FOR IMMEDIATE RELEASE|
THURSDAY, APRIL 14, 2005
TDD (202) 514-1888
JUSTICE DEPARTMENT SUES TO BAR HAWAII WOMAN’S ALLEGED TAX SCAM TARGETED AT MILITARY PERSONNEL
Return Preparer Allegedly Tells Customers They Can Deduct
Expenses of Haircuts, Cell Phones, and Other Personal Items
WASHINGTON, D.C. - The Justice Department announced today that is has asked a federal court to bar Lou Ann Moser and Carla Newman of Hawaii from promoting an allegedly fraudulent tax scheme targeted at military personnel and from preparing tax returns for others. In the complaint, filed Wednesday in Honolulu, the government also seeks an order directing the defendants to provide the government their customers’ names, mail and e-mail addresses, and Social Security and telephone numbers. The government alleges that Moser and Newman operate their tax preparation service in Kailua, Hawaii.
According to the complaint, Moser falsely advises military customers that they can claim tax deductions for non-deductible personal expenses such as haircuts, cell-phone and Internet services, and other personal items and services. Moser allegedly advises and helps non-military customers to use sham corporations to improperly claim deductions for non-deductible personal expenses. Newman allegedly assists Moser and allegedly electronically files returns for customers falsely stating that the customers had prepared them when in fact Moser prepared them. The government alleges that the defendants have prepared and filed hundreds of returns for customers, and estimates that the defendants’ conduct cost the federal treasury more than $4 million for tax year 2003 alone.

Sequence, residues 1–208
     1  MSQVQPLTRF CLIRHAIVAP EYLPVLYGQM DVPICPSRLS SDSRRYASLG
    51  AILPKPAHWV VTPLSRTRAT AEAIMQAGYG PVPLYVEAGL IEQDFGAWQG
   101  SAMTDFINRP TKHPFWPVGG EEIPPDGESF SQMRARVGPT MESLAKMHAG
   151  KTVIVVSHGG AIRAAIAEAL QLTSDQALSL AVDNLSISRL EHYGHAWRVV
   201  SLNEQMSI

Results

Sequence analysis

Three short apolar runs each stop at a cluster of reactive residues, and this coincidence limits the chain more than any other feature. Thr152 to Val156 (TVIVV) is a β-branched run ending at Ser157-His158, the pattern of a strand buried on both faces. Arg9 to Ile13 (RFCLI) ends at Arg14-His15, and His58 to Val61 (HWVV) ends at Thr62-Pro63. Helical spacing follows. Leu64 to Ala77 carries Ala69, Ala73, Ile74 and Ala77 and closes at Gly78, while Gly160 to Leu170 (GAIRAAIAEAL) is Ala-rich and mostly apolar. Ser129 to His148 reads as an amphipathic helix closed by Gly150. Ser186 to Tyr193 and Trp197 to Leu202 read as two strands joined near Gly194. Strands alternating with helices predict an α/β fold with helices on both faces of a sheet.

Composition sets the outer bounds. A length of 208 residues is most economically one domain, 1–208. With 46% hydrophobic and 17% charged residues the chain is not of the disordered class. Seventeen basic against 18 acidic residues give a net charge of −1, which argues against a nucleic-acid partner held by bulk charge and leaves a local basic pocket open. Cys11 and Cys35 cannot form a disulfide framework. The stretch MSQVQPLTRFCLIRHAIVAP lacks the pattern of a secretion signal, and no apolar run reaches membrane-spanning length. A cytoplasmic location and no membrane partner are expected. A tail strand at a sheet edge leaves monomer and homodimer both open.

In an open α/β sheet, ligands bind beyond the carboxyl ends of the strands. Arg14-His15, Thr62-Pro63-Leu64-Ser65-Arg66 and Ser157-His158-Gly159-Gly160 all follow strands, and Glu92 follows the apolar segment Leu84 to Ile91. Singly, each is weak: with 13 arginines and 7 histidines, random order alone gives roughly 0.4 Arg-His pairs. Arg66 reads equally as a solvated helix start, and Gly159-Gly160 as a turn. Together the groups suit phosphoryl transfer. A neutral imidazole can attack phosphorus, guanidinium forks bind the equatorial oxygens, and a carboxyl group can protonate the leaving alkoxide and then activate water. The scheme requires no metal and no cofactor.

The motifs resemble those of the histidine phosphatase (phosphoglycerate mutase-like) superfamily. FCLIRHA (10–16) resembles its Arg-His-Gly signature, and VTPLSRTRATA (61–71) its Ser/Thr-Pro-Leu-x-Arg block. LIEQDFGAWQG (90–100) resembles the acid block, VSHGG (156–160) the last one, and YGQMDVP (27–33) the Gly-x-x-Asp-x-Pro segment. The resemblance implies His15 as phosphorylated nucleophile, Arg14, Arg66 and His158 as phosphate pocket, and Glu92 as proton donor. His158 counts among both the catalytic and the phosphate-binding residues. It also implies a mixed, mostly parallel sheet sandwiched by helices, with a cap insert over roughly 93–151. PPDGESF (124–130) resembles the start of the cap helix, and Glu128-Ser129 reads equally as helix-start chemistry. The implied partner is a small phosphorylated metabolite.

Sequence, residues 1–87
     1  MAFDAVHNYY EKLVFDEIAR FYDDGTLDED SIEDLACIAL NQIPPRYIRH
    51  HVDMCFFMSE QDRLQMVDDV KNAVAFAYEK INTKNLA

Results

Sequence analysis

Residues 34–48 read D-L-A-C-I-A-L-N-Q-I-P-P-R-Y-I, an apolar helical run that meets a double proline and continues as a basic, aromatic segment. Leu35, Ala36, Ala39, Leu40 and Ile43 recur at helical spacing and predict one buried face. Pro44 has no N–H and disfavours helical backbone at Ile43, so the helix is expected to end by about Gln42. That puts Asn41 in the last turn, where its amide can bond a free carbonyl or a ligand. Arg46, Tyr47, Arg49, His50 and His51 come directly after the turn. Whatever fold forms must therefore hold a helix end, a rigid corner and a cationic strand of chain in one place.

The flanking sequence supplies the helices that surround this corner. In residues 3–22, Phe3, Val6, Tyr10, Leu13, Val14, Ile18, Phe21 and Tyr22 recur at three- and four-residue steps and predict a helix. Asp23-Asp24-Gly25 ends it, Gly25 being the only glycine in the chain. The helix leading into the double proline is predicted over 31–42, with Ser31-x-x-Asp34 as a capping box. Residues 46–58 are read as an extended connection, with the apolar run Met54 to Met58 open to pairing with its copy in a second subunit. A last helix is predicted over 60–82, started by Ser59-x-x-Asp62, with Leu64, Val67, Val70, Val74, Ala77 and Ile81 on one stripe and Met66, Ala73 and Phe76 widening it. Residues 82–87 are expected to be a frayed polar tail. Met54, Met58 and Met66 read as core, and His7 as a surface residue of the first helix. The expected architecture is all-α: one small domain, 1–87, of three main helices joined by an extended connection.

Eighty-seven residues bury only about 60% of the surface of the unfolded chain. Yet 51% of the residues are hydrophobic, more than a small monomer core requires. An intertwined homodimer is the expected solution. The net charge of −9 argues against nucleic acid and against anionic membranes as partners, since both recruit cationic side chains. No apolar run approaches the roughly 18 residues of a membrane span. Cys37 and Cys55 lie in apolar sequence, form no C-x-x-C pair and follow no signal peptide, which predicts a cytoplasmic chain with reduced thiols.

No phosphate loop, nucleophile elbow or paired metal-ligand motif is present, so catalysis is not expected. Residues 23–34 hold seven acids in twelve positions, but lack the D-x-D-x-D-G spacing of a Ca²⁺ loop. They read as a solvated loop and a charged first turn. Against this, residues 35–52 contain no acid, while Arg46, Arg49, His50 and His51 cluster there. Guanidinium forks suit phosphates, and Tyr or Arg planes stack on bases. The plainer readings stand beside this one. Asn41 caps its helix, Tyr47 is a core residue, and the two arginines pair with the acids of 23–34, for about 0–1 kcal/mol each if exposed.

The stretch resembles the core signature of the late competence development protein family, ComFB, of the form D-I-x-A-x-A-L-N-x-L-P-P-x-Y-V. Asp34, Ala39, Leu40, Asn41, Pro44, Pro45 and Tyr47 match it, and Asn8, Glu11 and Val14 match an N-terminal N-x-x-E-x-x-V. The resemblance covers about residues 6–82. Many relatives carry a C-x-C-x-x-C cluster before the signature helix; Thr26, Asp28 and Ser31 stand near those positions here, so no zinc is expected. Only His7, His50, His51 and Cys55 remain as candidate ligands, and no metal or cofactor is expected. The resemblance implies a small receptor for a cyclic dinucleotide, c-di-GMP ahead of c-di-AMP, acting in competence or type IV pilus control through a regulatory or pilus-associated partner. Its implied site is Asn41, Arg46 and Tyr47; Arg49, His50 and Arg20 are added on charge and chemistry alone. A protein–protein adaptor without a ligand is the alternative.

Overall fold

“The Department of Justice and the Internal Revenue Service (IRS) are working methodically to halt tax fraud scams and the preparation and filing of fraudulent income tax returns,@ said Eileen J. O=Connor, Assistant Attorney General for the Tax Division. “People who prepare returns claiming false deductions are cheating honest taxpayers and creating legal problems for their customers.”
The complaint further alleges that Moser advised customers to lie to IRS agents to obstruct investigations. Moser allegedly told one customer to delay an IRS audit until her husband was deployed to Afghanistan, and then falsely tell the IRS that the husband had receipts needed to substantiate tax deductions.
This suit is part of an ongoing Justice Department and IRS initiative to stop the promotion of tax schemes and scams, and the preparation and filing of fraudulent tax returns. More information about this case and other tax injunction cases can be found at http://www.usdoj.gov/tax/taxpress2005.htm. More information about the Justice Department’s Tax Division can be found at http://www.usdoj.gov/tax/index.htm.